Ismail Merchant, a look through the reel

AN ELGIN EXCLUSIVE FEATURE by SURABHI SUNIL

Madhur Jaffrey, an Indian-born actress, once wrote, “In India, we say that the ability to create flavour is in the hands. Some people just have it. Ismail certainly does.” Though she was talking about his culinary expertise, the very same could be applied to his movies and writings.

"He was the one and truly great maverick producer, a law to himself," Sir Anthony Hopkins

Illustration by Tevy Khou, via hazlitt.net

Ismail Merchant, A man of many talents who also took much care in developing each of them, be it the next on screen production or a bowl of warm lentil soup.

A film aficionado from a young age, Ismail Merchant’s close friendship with Nimmi, an Indian film actress introduced him to studios and the industry in Bombay. Attending her first movie premiere, grew his ambitions for the spotlight and stardom. Developing his love for film at St. Xavier’s College, Bombay; dreams of the screen finally led him to New York. While pursuing a masters the stark contrast of what’s on-screen and reality hit him.A job allowing him to showcase his cooking skills and another as a UN General Assembly messenger later and, with connections being made he raised enough money for his first project ‘The Creation of Woman’. From there on started his illustrious reel journey.
Image by rougesandvagabonds, WordPress Blog
“It is a strange marriage we have at Merchant Ivory… I am an Indian Muslim, Ruth is a German Jew, and Jim is a Protestant American. Someone once described us as a three-headed god. Maybe they should have called us a three-headed monster!”

A chance encounter at a screening bonded Merchant and James Ivory, birthing Merchant Ivory Productions.

Ismail Merchant, James Ivory and their main collaborator, Ruth Prawer Jhabvala were often called the three pillars of Merchant Ivory Productions and with the success of their first film, The Householder may had even sealed Shashi Kapoor, the lead actor in the film as the fourth.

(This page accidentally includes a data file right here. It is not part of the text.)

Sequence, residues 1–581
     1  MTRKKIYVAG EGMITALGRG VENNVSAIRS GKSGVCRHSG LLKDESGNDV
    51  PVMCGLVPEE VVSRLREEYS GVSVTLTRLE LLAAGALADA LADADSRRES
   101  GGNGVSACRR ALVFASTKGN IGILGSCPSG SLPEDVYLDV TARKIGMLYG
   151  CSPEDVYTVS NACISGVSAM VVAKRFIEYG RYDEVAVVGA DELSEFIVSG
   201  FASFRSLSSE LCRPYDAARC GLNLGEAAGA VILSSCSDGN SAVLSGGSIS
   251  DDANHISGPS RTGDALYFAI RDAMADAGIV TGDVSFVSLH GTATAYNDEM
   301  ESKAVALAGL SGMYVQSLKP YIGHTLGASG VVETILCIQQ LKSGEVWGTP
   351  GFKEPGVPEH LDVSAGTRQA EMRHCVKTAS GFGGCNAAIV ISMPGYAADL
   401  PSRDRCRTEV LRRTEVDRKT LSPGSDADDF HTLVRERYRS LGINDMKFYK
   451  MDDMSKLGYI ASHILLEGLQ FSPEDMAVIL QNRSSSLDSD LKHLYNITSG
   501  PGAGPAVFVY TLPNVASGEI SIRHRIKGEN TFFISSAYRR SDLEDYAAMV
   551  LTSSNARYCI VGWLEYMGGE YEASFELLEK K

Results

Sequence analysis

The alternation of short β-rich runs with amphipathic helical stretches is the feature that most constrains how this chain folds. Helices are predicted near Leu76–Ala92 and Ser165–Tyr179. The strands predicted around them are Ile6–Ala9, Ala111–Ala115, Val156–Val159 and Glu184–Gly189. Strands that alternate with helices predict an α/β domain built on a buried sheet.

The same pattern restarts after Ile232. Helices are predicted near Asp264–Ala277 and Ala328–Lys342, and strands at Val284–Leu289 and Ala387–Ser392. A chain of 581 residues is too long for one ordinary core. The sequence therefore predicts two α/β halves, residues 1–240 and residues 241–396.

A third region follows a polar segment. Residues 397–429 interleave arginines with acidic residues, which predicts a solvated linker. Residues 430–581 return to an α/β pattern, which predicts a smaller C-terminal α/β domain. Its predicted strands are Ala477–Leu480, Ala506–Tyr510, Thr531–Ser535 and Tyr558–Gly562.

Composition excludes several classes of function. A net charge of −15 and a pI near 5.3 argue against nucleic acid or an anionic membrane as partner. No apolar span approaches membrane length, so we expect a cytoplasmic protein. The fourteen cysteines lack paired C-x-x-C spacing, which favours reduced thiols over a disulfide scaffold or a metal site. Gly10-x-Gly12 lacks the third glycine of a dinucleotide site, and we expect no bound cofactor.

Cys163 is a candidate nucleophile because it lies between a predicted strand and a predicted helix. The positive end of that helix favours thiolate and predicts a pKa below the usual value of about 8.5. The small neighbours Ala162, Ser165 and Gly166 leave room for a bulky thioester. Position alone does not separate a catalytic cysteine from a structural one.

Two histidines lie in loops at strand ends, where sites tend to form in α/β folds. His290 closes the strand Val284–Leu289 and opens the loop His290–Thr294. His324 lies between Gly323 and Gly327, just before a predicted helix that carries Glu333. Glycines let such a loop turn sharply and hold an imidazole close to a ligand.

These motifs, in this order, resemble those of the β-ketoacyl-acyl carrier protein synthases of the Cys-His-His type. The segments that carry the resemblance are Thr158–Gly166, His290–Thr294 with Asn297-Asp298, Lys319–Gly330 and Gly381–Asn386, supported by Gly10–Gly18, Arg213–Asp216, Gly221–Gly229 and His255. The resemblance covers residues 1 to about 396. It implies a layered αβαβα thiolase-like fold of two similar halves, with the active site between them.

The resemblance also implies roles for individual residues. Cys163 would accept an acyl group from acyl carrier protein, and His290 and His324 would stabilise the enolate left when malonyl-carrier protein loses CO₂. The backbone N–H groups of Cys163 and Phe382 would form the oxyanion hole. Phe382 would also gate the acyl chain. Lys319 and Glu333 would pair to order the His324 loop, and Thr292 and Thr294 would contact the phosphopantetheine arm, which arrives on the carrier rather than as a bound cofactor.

Image by moviemahal, Google Images

Ruth Jhabvala, the writer thought Shashi Kapoor too handsome for the role of the hapless schoolteacher in The Householder, but he convinced her with his dedication and a middle-class style raw haircut.

Merchant and Ivory first met Shashi Kapoor and the Kendalls when they went to India to film The Householder, their first feature film. They later reunited for Shakespeare Wallah. A story of a travelling family theatre troupe of English actors based of Geoffrey Kendal’s diary accounts of his family and the travelling “Shakespeareana Company” that he kept during 1947, the year of Indian independence.

The Kendal family were the longest staying guests at the Elgin Fairlawn, then known as the Fairlawn Hotel and could be called the gateway to Mr.Merchant’s stay as well during his visits to Kolkata. To him, Kolkata held a deeper meaning because of the Kendal’s and his dear friend Satyajit Ray with whom he has worked multiple times.

Image by Merchant Ivory Productions

Ismail Merchant was a man of charm with a flair for drama. Warren Hoge, writing in The New York Times, recalled that the producer was able to film inside the Trianon Palace Hotel in Versailles “by draping himself in robes and posing as the Maharajah of Jodhpur. His crew masqueraded as his entourage and, once inside, set up the shoot.”

Having released over 40 films under the Merchant-Ivory banner, 31 of which earned Academy Award nominations under various categories, The ‘Merchant-Ivory’ tag became associated with something far more than a production house. It spoke of films acknowledged as having defined the genre of literate period pieces with character depth, flavour and a look of elegance.

The look of elegance can be credited to Mr.Merchant’s undeniable charm leading to the ability to get shooting sites for little to no money, explaining how these movies were made for far less than a standard Hollywood budget at the time. In a statement to BBC, veteran actor Sir Anthony Hopkins said, “He could charm the birds out of the trees, which had its very positive side (most of the time) and sometimes he could get you to work for nothing.”

Image by @Film Forum-Robin Holland, Twitter

The two men behind the lens, James Ivory and Ismail Merchant nurtured a partnership over the course of 40+ years pushing the boundaries of Independent films in India and presenting it in a new light to the world.

Merchant and Ivory were still in the production of The White Countess, a period drama when Mr Merchant passed away following surgery at the age of 68. Ismail Merchant had the ability to summon vast amusement and share it with his listeners be it through the stories he produced for the screen or through intimate conversations over a plate of impressive food that he himself had cooked up.